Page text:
It is with great sadness that we inform you that Roberto Segre, dear friend of the FIU Department of Architecture critic, distinguish Historian Architect and educator died this past March 10 in Niterói, RJ after being hit by a motorcycle. He was 78.
Segre was born in Milan, Italy in 1934 and moved to Argentina as a child in 1939. He obtained a bachelor degree in architecture from the School of Architecture and Urbanism at the University of Buenos Aires in 1960.
The Italian-Argentine architect wrote more than 40 books and hundreds of articles and essays about the architecture and urbanism of Latin America and Caribbean. Among his writings are Entorno Urbano y Paisaje (Arquine 2012 with Mario Schjetnan and Miquel Adrià), Oscar Neimeyer: 100 amos, 100 obra (Instituto Tomie Ohtake, 2007), Havana: Two Faces of the Antillean Metropolis (Wiley 2007 with Mario Coyula and Joseph Scarpaci), and Cruelty and Utopia: Cities and Landscapes of Latin America (Princeton 2005 with Jean Francois Lejeune et alia).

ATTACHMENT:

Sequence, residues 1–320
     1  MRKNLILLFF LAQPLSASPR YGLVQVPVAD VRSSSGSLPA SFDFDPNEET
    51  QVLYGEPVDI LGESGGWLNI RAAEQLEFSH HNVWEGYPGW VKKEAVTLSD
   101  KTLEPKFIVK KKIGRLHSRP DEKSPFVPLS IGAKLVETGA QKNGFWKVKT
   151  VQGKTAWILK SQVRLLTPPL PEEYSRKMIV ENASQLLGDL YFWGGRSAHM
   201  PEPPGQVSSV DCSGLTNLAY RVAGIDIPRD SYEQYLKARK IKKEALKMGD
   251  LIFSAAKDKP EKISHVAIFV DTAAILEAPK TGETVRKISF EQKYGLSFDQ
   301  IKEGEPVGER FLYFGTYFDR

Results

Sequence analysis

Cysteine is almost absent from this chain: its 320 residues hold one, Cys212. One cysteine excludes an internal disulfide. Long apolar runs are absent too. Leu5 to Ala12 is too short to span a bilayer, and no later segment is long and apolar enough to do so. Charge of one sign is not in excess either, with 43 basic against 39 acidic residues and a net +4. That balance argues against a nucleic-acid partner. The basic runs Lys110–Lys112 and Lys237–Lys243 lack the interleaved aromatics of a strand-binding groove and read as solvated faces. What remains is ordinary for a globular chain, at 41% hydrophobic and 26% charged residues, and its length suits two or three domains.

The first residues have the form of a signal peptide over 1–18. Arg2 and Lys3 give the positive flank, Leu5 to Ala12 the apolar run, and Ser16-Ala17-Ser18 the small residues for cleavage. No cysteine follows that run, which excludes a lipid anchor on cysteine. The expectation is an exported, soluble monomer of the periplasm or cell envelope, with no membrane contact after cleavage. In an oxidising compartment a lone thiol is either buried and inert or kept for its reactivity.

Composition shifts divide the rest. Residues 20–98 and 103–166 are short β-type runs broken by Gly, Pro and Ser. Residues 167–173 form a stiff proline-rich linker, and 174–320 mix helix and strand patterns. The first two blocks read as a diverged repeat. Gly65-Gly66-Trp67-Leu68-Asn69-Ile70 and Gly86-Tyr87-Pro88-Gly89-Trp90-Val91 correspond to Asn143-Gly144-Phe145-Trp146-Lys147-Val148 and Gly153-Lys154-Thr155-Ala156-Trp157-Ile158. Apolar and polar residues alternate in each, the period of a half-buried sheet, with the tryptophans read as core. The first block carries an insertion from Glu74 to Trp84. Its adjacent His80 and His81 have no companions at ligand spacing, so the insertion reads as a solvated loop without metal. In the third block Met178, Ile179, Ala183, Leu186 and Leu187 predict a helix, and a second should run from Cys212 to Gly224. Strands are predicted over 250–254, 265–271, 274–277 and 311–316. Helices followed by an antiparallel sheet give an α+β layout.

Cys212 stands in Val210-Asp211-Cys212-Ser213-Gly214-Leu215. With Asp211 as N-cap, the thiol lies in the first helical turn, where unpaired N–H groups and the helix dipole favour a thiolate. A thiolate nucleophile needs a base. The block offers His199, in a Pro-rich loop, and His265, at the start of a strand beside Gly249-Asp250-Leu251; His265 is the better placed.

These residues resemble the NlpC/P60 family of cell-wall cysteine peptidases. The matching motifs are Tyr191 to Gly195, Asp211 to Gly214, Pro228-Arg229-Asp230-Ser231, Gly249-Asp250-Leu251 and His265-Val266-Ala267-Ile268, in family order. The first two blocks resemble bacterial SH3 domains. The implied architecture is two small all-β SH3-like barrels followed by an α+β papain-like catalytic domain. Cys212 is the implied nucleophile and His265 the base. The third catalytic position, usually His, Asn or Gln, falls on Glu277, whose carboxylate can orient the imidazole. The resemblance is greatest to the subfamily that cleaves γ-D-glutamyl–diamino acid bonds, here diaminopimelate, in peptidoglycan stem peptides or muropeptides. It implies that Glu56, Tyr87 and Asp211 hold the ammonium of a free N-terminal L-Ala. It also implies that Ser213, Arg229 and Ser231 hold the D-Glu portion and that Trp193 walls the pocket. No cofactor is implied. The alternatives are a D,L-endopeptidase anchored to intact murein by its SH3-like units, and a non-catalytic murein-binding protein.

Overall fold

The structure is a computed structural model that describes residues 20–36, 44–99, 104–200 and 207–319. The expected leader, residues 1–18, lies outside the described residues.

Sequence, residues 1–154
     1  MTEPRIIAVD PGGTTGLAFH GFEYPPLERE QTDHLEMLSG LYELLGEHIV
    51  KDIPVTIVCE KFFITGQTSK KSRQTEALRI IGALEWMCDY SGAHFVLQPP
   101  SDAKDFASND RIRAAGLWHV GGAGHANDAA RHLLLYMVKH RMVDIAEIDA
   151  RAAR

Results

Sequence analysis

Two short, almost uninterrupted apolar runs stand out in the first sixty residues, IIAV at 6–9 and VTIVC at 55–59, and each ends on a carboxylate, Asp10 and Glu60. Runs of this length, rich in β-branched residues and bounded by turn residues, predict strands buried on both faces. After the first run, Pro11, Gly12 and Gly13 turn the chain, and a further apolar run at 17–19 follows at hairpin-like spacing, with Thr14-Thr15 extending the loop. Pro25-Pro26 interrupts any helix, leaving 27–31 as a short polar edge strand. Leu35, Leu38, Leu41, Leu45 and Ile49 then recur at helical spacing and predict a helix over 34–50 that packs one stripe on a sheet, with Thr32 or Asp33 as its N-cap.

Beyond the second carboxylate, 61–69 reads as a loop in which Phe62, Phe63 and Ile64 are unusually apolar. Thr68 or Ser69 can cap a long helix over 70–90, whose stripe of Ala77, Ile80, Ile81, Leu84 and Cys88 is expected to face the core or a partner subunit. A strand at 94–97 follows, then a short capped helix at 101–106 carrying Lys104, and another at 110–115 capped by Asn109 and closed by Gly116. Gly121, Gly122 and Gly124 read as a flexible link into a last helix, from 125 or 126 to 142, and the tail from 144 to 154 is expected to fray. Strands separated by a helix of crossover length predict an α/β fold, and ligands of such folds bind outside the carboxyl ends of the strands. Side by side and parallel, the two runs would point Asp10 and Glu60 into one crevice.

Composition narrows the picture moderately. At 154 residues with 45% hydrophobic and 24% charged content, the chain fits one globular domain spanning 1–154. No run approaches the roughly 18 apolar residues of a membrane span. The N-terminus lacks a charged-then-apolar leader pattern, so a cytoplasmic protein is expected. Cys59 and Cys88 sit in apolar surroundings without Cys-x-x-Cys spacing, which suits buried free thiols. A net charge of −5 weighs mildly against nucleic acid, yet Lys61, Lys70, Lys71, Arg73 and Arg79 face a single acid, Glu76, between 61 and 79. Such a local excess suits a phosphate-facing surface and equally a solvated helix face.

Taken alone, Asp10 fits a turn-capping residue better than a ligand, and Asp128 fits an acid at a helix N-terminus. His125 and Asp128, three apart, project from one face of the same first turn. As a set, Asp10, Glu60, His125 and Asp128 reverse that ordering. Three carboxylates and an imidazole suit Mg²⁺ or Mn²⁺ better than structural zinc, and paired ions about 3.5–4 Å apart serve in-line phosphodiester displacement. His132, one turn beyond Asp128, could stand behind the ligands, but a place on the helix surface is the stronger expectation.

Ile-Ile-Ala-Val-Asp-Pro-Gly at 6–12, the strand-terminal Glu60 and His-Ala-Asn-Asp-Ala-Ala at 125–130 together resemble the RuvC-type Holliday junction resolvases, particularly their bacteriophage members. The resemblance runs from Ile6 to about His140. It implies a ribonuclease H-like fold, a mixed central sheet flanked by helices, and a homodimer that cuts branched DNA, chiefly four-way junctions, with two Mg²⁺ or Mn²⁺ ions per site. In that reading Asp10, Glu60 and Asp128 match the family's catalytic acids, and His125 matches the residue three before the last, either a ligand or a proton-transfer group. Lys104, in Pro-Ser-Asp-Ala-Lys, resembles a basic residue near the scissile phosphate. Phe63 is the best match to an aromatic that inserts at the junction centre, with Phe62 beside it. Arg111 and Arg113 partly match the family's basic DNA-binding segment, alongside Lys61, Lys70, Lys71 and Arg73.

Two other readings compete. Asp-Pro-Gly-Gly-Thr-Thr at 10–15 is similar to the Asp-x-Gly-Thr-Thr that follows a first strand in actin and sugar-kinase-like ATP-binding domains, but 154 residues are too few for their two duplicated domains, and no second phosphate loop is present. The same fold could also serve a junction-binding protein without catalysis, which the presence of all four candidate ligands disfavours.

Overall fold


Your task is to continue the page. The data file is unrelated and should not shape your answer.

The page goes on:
He worked as professor of Architectural History at the School of Architecture of the Superior Polytechnic Institute José Antonio Echeverría in Havana, Cuba for more than 30 years, and also taught at the School of Architecture and Urbanism of the Federal University of Rio de Janeiro, Brazil. Segre received the Guggenheim Fellowship in New York and was awarded the title of Doctor Honoris Causa at the School of Architecture in Havana, Cuba.
Earlier this year, Professor Segre offered the inaugural lecture of the semester entitled “New Trends in Brazilian Architecture” on Thursday, January 10, 2013. During the lecture, Segre shared his intimate knowledge of architecture and urbanism delivered through his lively, insightful, and often humorous lecture style.
Our condolences and greatest sympathy to his family and friends during this difficult time.